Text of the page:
Has a vanilla sweetness like, vanilla ice cream, with light spice, toast, smoke and peat notes. Complex, well balanced blend of whisky with a high malt whisky content.
“It’s a 12 year old; it smells like teen spirit, tastes like Nirvana.” says Colin
2. Talisker, 10 year old
Talisker goes into Johnnie Walker and wasn’t released as a single malt until 1989.
Really pungent, smokey, peaty whisky with a peppery palate and intense long finish.
Colin says “A tough rugged whisky, for me the most multilayered whisky out there. Gives you a burnt bonfire smack after 5.9 seconds… in the mouth is a red hot chilli pepper”.
Whisky cocktails are a challenge to bar tenders, like an illustration to book Colin believes the cocktail should add to the flavour of whisky and not overpower it
Julian rised more than admirably to the challenge and created a couple of different whisky cocktails for us, my favourite of the evening was his take on ‘the 20th Century’ using Talisker instead of a gin.
The distinct taste of Talisker was there and the cocktail seemed to delicately unfold in my mouth with the different layers of flavours coming in waves.
4. Lagavulin, 16 year old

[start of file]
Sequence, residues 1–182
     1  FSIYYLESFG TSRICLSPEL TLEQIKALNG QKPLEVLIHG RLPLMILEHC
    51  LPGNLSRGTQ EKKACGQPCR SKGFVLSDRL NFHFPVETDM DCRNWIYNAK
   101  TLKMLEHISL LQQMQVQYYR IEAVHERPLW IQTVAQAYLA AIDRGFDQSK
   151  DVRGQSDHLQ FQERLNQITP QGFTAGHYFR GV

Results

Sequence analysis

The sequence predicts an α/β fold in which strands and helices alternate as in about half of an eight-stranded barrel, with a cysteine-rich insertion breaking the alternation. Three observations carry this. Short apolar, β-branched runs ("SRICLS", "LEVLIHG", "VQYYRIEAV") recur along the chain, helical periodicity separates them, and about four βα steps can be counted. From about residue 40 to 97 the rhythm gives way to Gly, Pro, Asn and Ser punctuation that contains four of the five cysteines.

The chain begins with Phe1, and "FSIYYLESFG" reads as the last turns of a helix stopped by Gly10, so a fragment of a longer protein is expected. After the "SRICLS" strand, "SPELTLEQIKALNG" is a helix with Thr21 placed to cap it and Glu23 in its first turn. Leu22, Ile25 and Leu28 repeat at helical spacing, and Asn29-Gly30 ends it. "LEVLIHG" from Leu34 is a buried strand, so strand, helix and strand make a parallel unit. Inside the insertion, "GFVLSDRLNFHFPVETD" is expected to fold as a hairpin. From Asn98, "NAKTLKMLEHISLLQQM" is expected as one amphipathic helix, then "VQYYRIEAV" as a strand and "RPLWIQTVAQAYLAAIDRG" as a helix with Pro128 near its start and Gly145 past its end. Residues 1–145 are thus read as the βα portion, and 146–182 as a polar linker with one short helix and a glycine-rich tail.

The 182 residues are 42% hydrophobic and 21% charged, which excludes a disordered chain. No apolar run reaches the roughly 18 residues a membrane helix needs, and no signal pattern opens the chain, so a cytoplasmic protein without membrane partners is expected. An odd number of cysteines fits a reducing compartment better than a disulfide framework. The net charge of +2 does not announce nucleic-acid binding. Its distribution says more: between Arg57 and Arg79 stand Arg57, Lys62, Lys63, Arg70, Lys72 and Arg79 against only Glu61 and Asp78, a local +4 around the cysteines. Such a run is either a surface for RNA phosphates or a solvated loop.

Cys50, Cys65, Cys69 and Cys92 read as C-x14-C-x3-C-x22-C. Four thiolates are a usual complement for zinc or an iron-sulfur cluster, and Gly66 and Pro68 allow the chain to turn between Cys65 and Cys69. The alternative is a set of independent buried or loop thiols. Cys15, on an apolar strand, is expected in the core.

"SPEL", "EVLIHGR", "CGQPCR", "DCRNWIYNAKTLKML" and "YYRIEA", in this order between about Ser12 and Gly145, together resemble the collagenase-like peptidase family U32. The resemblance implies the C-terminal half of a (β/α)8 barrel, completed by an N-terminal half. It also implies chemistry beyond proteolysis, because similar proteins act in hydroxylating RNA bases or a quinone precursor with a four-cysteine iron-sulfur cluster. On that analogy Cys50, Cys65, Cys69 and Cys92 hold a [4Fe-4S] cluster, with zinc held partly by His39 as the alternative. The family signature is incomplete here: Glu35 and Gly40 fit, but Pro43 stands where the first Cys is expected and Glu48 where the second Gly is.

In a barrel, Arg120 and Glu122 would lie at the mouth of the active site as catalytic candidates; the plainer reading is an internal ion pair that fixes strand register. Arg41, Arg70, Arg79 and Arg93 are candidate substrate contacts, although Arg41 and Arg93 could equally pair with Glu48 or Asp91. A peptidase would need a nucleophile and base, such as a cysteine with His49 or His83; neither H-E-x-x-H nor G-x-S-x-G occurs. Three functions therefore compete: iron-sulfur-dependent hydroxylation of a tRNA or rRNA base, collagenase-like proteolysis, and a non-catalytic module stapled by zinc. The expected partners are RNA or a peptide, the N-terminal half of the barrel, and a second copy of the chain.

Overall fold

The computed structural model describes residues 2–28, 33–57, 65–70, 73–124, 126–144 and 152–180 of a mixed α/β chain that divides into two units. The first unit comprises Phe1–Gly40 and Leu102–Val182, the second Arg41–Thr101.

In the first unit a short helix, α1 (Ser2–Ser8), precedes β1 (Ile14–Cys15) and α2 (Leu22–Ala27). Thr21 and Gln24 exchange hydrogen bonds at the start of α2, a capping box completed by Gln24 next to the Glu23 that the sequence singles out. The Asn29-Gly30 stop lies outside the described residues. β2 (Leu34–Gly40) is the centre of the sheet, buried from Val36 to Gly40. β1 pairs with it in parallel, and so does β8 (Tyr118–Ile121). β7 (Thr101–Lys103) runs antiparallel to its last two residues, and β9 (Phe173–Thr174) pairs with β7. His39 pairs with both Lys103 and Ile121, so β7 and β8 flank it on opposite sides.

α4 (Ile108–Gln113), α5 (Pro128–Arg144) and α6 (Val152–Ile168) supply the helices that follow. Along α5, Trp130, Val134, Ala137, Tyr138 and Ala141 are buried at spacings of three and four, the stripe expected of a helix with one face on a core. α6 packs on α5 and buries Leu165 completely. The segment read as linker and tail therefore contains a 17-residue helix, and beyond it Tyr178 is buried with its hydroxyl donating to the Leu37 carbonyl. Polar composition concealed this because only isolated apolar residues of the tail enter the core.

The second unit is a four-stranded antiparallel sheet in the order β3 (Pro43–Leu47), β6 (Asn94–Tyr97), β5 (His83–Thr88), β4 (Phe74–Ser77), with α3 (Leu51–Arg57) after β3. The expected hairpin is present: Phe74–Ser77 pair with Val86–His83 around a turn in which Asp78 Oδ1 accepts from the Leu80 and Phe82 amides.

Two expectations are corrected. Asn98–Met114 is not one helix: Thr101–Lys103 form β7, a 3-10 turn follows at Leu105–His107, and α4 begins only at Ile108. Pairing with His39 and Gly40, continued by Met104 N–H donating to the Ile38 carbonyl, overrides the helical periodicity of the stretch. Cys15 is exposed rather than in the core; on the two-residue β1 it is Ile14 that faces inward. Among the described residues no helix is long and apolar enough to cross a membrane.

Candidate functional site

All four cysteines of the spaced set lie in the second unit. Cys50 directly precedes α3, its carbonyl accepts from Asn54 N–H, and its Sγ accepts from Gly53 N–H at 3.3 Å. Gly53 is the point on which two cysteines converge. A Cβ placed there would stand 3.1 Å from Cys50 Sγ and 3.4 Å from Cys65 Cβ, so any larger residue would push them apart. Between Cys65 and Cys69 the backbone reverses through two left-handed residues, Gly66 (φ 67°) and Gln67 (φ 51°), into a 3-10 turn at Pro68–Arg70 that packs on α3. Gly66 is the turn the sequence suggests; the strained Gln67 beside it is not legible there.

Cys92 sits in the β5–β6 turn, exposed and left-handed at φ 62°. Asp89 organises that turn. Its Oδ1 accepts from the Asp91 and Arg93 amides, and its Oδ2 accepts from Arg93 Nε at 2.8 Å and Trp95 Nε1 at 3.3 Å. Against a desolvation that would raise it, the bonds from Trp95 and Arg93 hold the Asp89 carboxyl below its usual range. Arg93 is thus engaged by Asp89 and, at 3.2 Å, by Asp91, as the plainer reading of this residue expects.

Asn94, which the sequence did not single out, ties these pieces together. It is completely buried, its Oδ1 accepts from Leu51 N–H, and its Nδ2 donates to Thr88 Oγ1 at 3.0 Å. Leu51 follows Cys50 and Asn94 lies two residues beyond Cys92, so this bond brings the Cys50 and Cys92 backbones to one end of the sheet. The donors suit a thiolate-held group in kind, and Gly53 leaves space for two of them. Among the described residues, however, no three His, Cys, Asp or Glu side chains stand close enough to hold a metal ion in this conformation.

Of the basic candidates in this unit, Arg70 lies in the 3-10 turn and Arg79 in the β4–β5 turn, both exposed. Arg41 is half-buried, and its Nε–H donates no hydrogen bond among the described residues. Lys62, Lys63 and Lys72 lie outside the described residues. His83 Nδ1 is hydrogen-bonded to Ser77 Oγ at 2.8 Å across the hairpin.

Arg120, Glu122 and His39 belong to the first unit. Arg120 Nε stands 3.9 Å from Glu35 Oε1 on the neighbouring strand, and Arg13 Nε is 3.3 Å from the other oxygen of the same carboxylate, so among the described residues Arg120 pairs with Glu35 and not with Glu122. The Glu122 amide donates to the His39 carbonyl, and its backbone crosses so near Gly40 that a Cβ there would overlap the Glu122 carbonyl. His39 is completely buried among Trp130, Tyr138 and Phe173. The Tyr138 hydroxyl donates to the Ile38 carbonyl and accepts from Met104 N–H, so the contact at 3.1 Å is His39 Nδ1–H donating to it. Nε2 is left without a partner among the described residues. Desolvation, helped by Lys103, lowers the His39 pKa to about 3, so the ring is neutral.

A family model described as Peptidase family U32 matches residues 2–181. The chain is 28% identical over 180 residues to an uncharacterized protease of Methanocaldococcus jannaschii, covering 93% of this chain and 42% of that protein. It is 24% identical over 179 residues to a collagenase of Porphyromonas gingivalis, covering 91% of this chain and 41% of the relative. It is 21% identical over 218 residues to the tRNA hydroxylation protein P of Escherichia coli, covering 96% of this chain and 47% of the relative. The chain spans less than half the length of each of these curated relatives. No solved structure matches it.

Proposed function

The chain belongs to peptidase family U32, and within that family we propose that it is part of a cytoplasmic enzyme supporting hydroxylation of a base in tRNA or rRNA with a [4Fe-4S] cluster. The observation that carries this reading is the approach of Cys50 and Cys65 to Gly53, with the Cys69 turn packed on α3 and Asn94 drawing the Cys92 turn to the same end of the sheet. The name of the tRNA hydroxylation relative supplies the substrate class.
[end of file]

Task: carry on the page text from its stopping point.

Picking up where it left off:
Again, Lagavulin wasn’t released as a single malt until 1988. Since that times it has won over some high profile fans including Johnny Depp, who during an interview with The Guardian stopped to order a snifter of Lagavulin saying, ‘I don’t drink hard liquor any more, but I sometimes order Lagavulin just for the smell.’
And I can see why, there is so much there. It is deliciously peaty, with a rich, pronounced nose of heather, seaweed, lapsang souchong, chocolate, dynamite and Roquefort cheese with medicinal notes.
This distillery physically can’t make any more whisky. The guys there are literally working 24 hours, it is so popular the guys at Diageo generally don’t feel the need to show it in tastings as already demand exceeds supply but Colin decided to treat us to a dram all the same.
5. Lagavulin, 12 year old
Now if you like Lagavulin 16 year old, you will love the 12 year old. Age is just a number here and personally I prefer the 12 year old it is usually pale, has a beautiful smokiness with a touch of floweriness. Colin describes this as Lagavulin in HD, higher definition.
The reason for this enhanced flavour is the slow distillation, Lagavulin is distilled for 9 and a half hours. Colin compares slow distillation with slow cooking, if you ‘cook in a microwave, sure it’ll be hot but it won’t be as flavoursome as slow cooking it in the oven’.
There are only 100 barrels of this produced each year, it is released at cask strength – a powerful 56.5% abv.
6. Linlithgow, 30 year old
This whisky was bottled in 2004 and is a triple distilled 30 year old whisky which would today set you back around £480. In reality this bottle is priceless, it is a piece of liquid history, never to be repeated, the Saint Magadalene distillery where this was made closed down in 1983.
Special thanks for Callooh Callay and Colin Dunn for a fantastically informative, entertaining tasting.
Dr Dunn will be back at Callooh Callay for another tasting on Thursday 13th October 2011 as part of London Cocktail Week.
Travelling today seems to be simultaneously fast and slow due to COVID-19 requiring rapid change of plans and jumping on planes with